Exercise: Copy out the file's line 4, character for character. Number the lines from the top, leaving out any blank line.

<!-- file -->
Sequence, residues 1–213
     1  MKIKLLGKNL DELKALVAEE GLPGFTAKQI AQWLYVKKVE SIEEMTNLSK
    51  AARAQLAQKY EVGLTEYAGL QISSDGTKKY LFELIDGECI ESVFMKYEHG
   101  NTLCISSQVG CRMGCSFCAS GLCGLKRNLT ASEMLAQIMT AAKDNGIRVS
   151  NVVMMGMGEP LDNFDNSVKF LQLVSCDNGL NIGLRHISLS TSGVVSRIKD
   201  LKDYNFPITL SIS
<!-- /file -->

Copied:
   101  NTLCISSQVG CRMGCSFCAS GLCGLKRNLT ASEMLAQIMT AAKDNGIRVS